The turn of a new year is nearly upon us. With holiday marketing and promotional efforts likely squared away and awaiting deployment, many small businesses have the time to look back at the events of the past year and also to look forward to the next. From our perspective, here are some of the ideas and small business stories that will be making a difference in 2016.
Consumer-Controlled Content – The Story Comes First
More than ever, digital consumers are being given the tools they have long desired that enable them to control the messages they encounter on a daily basis through the internet. Don’t like a particular brand’s approach to digital advertising? Hide it from your inbox or social feed. Sick of stories about Donald Trump? Exorcise mentions of his name from your browser with a specially coded extension script. For digitally savvy small businesses, the trend toward increased curatorial agency on the part of your customers will likely mean that insightful, thoughtful or story-driven sharing will take the reins of your marketing strategy. Rather than simply advertising a sale or promotion with a link and stock photo, the onus will be on businesses to connect on a human-to-human level.
Payment Gets More Flexible – And Faster
2015 saw a lot of buzz in the world of mobile payment technologies: Square made aggressive expansions to its business model, while a host of app-centric payment options like Google Wallet have refined and broadened their services. Even popular text messaging services have begun integrating simple ways to transfer money between users. 2016 will likely see many 0f these technologies emerging from the beta phase and becoming part of shoppers’ daily tech lexicon. Your small business need not embrace each and every one of these multitude of options, lest you be caught in a keeping-up-with-the-Joneses scenario: however, familiarize yourself with the methods your customers find the most popular and convenient. Getting on board will help your business streamline its cash management and workflow while appealing to a tech-savvy demographic.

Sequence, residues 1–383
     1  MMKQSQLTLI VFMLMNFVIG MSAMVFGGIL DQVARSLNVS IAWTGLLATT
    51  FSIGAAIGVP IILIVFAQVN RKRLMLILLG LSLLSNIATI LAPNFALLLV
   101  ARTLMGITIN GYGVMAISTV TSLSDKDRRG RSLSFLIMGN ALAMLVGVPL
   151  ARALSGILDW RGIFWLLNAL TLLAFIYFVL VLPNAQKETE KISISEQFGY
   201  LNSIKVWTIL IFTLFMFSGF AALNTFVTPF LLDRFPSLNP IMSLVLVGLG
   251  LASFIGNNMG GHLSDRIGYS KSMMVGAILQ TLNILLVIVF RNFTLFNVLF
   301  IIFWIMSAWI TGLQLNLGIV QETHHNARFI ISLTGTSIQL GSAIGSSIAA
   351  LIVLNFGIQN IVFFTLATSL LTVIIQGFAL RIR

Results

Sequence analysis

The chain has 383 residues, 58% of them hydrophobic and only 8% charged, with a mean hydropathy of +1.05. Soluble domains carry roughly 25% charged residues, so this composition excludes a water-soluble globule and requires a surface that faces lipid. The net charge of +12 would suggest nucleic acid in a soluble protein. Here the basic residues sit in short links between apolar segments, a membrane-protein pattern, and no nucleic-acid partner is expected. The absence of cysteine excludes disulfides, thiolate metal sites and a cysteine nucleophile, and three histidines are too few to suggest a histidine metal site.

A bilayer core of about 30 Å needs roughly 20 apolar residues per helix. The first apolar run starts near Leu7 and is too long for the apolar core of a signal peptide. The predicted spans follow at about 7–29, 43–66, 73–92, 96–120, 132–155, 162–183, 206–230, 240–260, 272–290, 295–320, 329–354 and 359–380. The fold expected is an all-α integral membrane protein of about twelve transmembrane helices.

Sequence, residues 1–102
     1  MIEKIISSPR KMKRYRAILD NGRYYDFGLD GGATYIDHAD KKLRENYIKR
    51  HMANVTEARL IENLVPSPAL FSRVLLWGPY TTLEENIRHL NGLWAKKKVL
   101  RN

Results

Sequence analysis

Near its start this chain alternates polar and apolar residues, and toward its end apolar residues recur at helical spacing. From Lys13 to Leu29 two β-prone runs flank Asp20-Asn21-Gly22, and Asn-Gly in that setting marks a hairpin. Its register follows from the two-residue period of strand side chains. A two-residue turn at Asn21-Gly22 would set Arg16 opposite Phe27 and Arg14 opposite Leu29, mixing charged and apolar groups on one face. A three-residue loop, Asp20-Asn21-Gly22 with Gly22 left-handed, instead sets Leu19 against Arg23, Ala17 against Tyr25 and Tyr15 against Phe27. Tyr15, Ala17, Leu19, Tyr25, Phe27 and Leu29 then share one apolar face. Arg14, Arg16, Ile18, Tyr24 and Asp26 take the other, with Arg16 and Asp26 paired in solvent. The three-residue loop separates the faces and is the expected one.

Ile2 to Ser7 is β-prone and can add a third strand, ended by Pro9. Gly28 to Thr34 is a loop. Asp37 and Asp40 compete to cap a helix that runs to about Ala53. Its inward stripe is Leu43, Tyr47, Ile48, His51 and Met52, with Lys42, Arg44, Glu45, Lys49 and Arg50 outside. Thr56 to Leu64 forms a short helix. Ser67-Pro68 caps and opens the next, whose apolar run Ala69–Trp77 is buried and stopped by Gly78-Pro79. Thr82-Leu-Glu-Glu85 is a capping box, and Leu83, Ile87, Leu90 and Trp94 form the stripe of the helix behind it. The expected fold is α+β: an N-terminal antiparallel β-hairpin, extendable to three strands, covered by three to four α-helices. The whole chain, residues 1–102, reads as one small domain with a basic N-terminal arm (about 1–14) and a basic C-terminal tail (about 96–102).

Demand for On-Demand will be Uber-high.
While it feels like a cliche to talk about “Uberization” of many business models (“There’s an Uber For That!”), it’s hard to deny the appeal of on-demand and sharing-economized services among consumers. Expect challenges and changes to the regulatory environment surrounding these controversial and popular methods of delivering goods and services. Don’t overlook the potential that on-demand models might hold for your business operations, either: reduction of overhead costs for logistics has been made possible by the democratization of these roles.
Tailor Your Business for Transition
The Canadian populace, both in general and in terms of the makeup of its small business workforce, is aging. Among the most important predictions for small business owners will be the increased value of transition planning and the provision of financial support and services for a new generation of owners with their own expectations, priorities, desires and financial disposition. Financing models will need to be structured around the needs of this new demographic. The sale and transfer of businesses will likely become a major talking point in the next year, and business owners should educate themselves on transition planning in order to ensure that the life of their business continues into a vibrant new chapter.